Local software developers will have to wait to find out whether their work was among that apparently being bootlegged by a man arrested yesterday in Tokoroa.
Like last week's raid on a Queen Street shop, yesterday's seizure of about 150 disks took place at the behest of the Business Software Association. But while the Auckland bust involved bootleg CDs imported from Asia, the Tokoroa booty appears to have been copied on site - and includes New Zealand-made software.
Neither the police or the BSA will reveal which local software titles have allegedly been bootlegged, and a BSA spokesperson says even the local vendors have yet to be contacted, "although that will happen soon, I expect."
Once again, the police raid followed a call to the BSA's anti-piracy hotline, and a test purchase by a BSA investigator.
Ron Eckstrom, vice president of the BSA, says the association "appreciates the amount of time and effort police have devoted to the anti-piracy issue. Their support is invaluable to the softwarev industry, and to local developers and distributors who must bear the cost of software theft.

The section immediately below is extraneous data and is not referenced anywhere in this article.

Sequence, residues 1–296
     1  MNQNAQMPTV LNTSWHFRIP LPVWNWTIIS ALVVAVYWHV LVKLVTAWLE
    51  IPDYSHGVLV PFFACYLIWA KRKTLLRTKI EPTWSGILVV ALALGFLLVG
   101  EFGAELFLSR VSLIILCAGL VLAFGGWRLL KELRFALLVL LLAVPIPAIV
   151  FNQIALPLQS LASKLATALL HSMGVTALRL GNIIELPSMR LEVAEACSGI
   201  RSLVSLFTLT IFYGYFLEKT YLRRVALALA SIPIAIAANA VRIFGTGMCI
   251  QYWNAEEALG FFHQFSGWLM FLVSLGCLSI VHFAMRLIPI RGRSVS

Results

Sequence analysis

"This is the first time that we have heard of a seizure involving suspected counterfeits of New Zealand-developed products. We know that New Zealand software is being used illegally in the end-user environment, but this is the first time we have seen what appears to be distribution of such software."
Meanwhile, a 47-year-old Tokoroa man has been remanded without plea for two weeks on three charges under the Copyright Act - to do with making and selling infringing copies of software, and being in possession of equipment to make infringing copies.